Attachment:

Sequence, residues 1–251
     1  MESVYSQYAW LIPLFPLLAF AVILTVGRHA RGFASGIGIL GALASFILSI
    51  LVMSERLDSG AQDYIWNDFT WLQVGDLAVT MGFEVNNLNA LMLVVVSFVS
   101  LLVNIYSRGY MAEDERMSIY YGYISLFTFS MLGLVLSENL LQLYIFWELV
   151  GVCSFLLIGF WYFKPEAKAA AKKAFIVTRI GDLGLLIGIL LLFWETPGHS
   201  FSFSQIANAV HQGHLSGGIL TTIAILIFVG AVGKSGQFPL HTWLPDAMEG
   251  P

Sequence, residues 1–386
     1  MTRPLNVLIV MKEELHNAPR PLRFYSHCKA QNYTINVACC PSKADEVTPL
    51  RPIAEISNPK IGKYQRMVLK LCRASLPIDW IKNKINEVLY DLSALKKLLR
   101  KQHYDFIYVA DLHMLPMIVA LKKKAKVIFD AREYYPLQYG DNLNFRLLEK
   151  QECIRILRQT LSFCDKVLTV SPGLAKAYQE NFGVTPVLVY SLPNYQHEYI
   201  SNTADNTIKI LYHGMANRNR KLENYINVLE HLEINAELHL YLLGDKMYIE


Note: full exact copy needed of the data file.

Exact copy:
Sequence, residues 1–251
     1  MESVYSQYAW LIPLFPLLAF AVILTVGRHA RGFASGIGIL GALASFILSI
    51  LVMSERLDSG AQDYIWNDFT WLQVGDLAVT MGFEVNNLNA LMLVVVSFVS
   101  LLVNIYSRGY MAEDERMSIY YGYISLFTFS MLGLVLSENL LQLYIFWELV
   151  GVCSFLLIGF WYFKPEAKAA AKKAFIVTRI GDLGLLIGIL LLFWETPGHS
   201  FSFSQIANAV HQGHLSGGIL TTIAILIFVG AVGKSGQFPL HTWLPDAMEG
   251  P

Sequence, residues 1–386
     1  MTRPLNVLIV MKEELHNAPR PLRFYSHCKA QNYTINVACC PSKADEVTPL
    51  RPIAEISNPK IGKYQRMVLK LCRASLPIDW IKNKINEVLY DLSALKKLLR
   101  KQHYDFIYVA DLHMLPMIVA LKKKAKVIFD AREYYPLQYG DNLNFRLLEK
   151  QECIRILRQT LSFCDKVLTV SPGLAKAYQE NFGVTPVLVY SLPNYQHEYI
   201  SNTADNTIKI LYHGMANRNR KLENYINVLE HLEINAELHL YLLGDKMYIE